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by Lauren Clair March 26, 2018

There is nothing worse than the feeling of walking into a store or browsing a website that claims to be diverse and inclusive, and not seeing yourself and your needs reflected in the marketing material or product selection. I think this is particularly true when it comes to intimate items like sex toys.

We all suffer from a lack of holistic sex education and we all tend to receive very binary messages about sex and self-worth, so being able to find sexual health and pleasure products that don’t double down on negative societal messages about bodies and pleasure can be an affirming experience.

Nikki Darling set out to be non-gendered from the beginning. I’d worked in the industry for a number of years and had always found it frustrating that even in stores that purported to be progressive and feminist, sex toys were presumed to be for women, and then there would be a small section of sleeves, pumps and rings for the men. It is such a limiting way to categorise your products, and the segregation only perpetuates these binary ideas about sex, bodies, gender and toys.


Nikki Darling was, to my knowledge, the first sex toy business in Australia to refrain from using any gendered terminology in the categorising and marketing of our range of products and events. This has seen us build up a strong customer base of trans and gender diverse (TGD) people who appreciate us not suggesting a product is “for men” or that a product is designed “for women”. But it isn’t just our TGD customers who appreciate the non-gendered approach - by removing gender, everyone is given permission to explore sex toys with less preconceptions and limitations, and that can lead to people making discoveries and choices they previously wouldn’t have considered.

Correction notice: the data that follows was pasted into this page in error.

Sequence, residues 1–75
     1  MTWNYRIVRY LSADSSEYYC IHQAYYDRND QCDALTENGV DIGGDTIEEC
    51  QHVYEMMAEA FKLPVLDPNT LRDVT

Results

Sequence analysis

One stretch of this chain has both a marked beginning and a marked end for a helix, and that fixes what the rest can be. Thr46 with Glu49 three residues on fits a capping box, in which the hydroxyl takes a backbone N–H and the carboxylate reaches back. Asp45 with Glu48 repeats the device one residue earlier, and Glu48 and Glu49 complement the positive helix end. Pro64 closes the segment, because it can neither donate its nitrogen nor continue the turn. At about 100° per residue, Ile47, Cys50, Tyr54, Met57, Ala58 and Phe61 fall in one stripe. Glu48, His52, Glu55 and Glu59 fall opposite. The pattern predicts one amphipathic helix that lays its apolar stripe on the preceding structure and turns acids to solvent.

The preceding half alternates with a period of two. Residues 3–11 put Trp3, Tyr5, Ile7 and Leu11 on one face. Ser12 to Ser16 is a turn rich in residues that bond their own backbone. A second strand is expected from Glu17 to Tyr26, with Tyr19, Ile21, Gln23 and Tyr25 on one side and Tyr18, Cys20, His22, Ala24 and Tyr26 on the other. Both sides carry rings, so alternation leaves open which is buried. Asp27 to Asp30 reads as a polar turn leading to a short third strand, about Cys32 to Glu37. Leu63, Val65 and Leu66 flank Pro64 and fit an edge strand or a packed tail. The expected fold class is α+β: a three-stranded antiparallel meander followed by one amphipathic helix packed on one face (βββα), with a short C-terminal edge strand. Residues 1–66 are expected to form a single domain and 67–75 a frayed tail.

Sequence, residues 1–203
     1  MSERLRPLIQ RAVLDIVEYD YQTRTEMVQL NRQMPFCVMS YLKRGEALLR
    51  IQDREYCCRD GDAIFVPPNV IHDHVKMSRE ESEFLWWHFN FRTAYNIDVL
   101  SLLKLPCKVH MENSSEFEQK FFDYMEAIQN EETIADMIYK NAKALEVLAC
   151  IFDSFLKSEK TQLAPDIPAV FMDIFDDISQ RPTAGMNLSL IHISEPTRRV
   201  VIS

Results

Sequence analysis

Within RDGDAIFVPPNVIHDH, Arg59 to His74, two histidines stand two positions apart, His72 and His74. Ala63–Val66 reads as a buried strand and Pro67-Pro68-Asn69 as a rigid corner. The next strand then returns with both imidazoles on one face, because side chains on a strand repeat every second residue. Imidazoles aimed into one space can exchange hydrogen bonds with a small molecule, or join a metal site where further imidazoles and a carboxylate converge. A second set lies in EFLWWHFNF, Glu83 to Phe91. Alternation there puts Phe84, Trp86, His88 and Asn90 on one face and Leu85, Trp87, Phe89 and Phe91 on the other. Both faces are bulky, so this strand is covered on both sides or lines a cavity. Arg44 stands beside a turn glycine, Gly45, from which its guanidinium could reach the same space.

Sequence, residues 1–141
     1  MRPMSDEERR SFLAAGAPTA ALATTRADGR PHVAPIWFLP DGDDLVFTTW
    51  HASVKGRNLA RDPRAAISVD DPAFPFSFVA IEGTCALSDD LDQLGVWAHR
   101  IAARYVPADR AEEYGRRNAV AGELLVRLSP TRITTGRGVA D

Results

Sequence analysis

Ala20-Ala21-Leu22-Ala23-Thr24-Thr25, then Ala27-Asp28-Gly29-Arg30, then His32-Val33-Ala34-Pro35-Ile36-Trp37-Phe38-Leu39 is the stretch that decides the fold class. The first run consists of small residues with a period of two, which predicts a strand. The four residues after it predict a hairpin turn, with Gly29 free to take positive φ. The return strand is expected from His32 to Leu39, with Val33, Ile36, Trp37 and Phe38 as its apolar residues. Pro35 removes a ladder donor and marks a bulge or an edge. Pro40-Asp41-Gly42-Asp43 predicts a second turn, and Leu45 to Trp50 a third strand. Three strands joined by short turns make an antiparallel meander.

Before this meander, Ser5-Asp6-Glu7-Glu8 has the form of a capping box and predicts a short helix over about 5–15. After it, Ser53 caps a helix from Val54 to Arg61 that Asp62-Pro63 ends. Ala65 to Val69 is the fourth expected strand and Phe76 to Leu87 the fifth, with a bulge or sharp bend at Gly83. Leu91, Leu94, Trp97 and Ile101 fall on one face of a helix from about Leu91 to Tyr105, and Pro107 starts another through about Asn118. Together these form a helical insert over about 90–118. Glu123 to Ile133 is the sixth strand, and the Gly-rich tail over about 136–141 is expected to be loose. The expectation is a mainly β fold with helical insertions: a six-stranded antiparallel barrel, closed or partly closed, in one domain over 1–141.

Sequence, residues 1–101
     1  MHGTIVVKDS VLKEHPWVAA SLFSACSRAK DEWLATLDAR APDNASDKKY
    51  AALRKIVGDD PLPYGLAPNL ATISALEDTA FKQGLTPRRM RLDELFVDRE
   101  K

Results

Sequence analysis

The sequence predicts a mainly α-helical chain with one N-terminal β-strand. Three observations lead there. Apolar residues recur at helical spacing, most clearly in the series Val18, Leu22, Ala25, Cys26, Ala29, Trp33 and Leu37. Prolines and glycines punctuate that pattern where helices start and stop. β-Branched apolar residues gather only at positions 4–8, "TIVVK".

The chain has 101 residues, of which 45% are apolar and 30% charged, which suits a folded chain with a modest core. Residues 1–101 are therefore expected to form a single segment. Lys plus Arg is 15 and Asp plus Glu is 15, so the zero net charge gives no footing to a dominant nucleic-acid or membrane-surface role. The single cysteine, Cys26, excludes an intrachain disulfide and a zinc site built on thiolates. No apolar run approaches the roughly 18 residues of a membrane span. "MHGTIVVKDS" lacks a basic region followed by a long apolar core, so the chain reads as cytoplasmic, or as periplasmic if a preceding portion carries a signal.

Take for example the humble bullet vibrator - for so many years, bullet vibes have been marketed as as a woman’s toy for use on the clitoris, but you needn’t be a woman or have a clitoris to use one - they are great for stimulating the perineum, the frenulum, inguinal canals, nipples.. When you remove gender from the equation, toys start to become more multifaceted than their packaging or sales pitch might have allowed for.

Something that is disappointing to me is that we are still seeing businesses fall short when it comes to recognising and accommodating diversity. Even toy makers who are progressive and innovative in other areas fall short when it comes to gender diversity - toys made “by and for” lesbian and queer women can be guilty of throwing their trans sisters under the bus with their language use. I’ve witnessed discrimination when it comes to hiring TGD people in the sex toy industry, and that too is part of the problem.

On the other hand, there are companies who are beginning to create and market toys specifically for trans people, which is amazing that we live in a time where that can happen, but I am somewhat cynical about introducing another gender-segregated category of toys, and I believe our collective goal should be doing away with gender-categorising of toys altogether. Thankfully, I am also beginning to see this happen.

Let’s acknowledge and honour the complexity of gender, sex and bodies and stop trying to force folk into these limiting boxes with our lazy use of language.


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